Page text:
counseling settings. In the social science area, a Commu-
nity Disaster simulation has been tested. Reporting
descriptive results (not empirical), Inbar (1966) supported
the motivational and teaching values. Kinkade and Kidd
(1962) used an operational game as a method of task famil-
iarization with air traffic control, concluding that the
game facilitated the training process more economically.
The Department of Agricultural Education at Pennsylvania
State University tested the effectiveness of alternative
uses of simulation in agricultural management (Curtis 1971).
The conclusions were as follows i

1. Simulation is useful for teaching concepts to
high school students and adults.

2. Interest is high and sustained.

3. Team size, the number of decisions, and the type
of data may be varied without sacrificing
potentialities.

4. Model complexity has no adverse effect.

5. The method of dissemination of material has a
significant effect.

In teacher education, simulated teaching experiences were

offered, with novice teachers working first with other

teachers and then with students. Evidence supported the

fact that behavior acquired during the simulation with

peers transferred to work with students (Emmer 19?1).

Counselors and counselor educators have also used

simulation with students on all levels. Although supported



37

by no empirical evidence, the University of Missouri has
developed a program using simulation techniques in counsel-
ing practicums, which is considered successful (Gysbers &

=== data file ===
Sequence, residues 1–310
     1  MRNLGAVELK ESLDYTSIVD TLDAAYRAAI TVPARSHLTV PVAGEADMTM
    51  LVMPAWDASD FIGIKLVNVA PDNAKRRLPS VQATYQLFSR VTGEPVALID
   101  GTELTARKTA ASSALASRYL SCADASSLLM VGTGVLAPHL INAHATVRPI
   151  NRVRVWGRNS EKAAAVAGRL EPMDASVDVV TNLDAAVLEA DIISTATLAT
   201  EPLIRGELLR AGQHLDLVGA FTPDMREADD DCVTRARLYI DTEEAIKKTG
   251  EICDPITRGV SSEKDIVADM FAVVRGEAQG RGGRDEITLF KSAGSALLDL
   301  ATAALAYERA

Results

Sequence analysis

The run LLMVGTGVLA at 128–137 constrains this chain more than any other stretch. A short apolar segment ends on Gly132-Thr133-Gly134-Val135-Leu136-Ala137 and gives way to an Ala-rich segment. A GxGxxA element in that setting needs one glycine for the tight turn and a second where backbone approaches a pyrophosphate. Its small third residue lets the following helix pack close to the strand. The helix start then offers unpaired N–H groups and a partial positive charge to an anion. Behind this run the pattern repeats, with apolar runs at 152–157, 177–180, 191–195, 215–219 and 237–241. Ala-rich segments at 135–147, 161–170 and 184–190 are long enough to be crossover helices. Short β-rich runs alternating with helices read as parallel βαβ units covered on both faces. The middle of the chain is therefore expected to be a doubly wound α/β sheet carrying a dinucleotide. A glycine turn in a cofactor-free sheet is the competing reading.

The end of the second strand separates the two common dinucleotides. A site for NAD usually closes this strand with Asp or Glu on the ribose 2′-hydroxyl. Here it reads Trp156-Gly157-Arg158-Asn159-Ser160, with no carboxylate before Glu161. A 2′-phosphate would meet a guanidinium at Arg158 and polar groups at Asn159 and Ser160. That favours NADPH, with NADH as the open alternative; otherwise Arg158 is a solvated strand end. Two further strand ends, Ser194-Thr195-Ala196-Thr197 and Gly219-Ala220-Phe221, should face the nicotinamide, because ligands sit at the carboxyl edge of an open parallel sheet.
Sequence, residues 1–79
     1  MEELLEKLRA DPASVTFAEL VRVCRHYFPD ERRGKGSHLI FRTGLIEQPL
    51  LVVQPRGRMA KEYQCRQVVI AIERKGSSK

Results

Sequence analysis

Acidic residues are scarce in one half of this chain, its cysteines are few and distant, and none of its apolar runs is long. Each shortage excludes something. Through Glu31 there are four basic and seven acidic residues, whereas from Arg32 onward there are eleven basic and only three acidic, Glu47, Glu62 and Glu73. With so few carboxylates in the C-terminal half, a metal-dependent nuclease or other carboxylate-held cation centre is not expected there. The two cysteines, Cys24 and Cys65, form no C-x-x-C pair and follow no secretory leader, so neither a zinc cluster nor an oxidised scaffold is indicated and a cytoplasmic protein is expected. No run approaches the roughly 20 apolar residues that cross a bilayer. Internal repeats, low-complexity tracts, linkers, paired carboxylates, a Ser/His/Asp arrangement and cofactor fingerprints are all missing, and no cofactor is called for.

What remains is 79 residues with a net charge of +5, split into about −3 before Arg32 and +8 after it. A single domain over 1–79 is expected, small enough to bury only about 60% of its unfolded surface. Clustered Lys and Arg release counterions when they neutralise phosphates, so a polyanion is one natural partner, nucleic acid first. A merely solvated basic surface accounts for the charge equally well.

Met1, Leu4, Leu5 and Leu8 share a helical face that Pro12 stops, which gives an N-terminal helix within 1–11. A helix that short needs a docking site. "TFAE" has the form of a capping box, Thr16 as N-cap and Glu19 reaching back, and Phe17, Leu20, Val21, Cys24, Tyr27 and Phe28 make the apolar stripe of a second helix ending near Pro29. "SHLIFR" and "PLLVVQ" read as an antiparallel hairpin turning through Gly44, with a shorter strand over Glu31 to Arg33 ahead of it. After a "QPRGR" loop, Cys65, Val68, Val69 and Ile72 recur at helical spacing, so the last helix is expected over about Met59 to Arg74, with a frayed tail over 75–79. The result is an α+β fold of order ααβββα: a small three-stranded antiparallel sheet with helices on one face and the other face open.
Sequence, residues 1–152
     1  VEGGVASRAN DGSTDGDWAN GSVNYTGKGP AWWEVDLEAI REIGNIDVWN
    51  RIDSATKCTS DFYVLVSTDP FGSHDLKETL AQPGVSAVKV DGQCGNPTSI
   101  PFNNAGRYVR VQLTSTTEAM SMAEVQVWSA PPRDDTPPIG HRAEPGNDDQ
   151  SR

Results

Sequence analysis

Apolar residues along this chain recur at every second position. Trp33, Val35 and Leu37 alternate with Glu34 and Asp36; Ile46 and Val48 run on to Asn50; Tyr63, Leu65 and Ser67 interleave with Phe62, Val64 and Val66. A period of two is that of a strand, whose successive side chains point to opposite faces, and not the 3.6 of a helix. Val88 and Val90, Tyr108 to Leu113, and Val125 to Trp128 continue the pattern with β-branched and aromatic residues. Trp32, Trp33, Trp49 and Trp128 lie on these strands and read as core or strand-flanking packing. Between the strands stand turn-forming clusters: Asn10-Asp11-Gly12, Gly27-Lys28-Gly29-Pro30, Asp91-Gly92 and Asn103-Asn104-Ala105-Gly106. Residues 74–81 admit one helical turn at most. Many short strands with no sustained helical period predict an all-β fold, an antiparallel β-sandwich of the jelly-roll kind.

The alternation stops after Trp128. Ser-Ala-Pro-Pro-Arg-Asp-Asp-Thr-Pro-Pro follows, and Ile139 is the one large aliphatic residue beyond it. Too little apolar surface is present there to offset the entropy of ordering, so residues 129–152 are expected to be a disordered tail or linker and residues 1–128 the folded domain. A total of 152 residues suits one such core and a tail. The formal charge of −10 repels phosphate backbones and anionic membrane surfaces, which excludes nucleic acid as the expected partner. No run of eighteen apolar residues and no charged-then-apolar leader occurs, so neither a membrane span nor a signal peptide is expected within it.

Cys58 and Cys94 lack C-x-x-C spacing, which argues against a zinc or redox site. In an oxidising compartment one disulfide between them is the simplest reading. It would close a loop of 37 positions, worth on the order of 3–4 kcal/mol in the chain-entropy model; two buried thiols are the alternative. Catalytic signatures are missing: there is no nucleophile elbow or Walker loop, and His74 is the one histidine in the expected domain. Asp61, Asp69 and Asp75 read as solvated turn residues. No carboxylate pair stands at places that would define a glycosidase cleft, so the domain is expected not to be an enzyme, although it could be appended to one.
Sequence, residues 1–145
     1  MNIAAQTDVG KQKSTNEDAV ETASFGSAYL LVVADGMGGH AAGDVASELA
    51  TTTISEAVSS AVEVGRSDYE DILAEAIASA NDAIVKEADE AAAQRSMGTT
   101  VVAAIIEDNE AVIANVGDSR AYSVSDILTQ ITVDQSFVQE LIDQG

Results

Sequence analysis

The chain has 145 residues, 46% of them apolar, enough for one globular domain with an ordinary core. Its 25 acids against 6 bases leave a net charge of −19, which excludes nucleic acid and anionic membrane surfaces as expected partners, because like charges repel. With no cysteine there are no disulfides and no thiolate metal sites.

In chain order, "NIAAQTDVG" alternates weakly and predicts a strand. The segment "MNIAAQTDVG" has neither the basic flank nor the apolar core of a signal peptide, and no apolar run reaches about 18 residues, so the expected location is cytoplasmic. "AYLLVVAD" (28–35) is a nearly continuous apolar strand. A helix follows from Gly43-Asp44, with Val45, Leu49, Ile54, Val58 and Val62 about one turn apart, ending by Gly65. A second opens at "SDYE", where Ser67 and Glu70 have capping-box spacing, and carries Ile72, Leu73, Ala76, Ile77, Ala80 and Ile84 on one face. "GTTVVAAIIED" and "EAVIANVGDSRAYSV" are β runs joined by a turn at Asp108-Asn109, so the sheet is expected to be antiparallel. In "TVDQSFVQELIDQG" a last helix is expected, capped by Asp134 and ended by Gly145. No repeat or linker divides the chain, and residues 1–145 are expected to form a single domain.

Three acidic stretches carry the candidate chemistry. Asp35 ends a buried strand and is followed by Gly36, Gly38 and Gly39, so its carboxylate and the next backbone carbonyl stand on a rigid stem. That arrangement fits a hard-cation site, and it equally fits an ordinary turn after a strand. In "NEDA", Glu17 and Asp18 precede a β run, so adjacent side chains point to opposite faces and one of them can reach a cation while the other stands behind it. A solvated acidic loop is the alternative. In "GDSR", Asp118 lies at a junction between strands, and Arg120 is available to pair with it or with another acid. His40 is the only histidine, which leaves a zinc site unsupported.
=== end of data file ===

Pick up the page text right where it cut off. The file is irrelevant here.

Moore 1970). Simulated career experiences in the form of
kits were designed at Sanford University (Peterson 1972;
Johnson, R. G. 1971). Five guidelines were in the design
of each kit i

1. Realistic and representative problems from the
occupation

2. Reading level such that ninety-five per cent
of the students have no difficulty

3. Problems intrinsically interesting to a majority
of the students

4. Problems successfully read and solved in fifty
minutes by seventy-five per cent of the students

5. Self-contained, self -administered

(Krumboltz & Sheppard 1969). Research, following that of
Krumboltz and using a test of occupational information and
self-rated interest in obtaining more occupational informa-
tion, showed no difference between simulation and a general
approach in motivating interest in learning about vocations
in general. However, the kits did generate more interest
in specific occupations (Johnson, R. G. 1971). The Life
Career Game, developed by Boocock, has been researched with
high school students. It utilizes the learning principles
of modeling, reinforcement, successive approximation,
discrimination learning, and skill development. The deci-
sion-making conditions are fulfilled through involvement,



38
the realization of a need for facts — where to find them
and how to use them — a clarification of values, and practice
in decision-making (Varenhorst 1969). A research study-
conducted at a Four-H convention utilized two games— career
and legislature — with each group a control group for the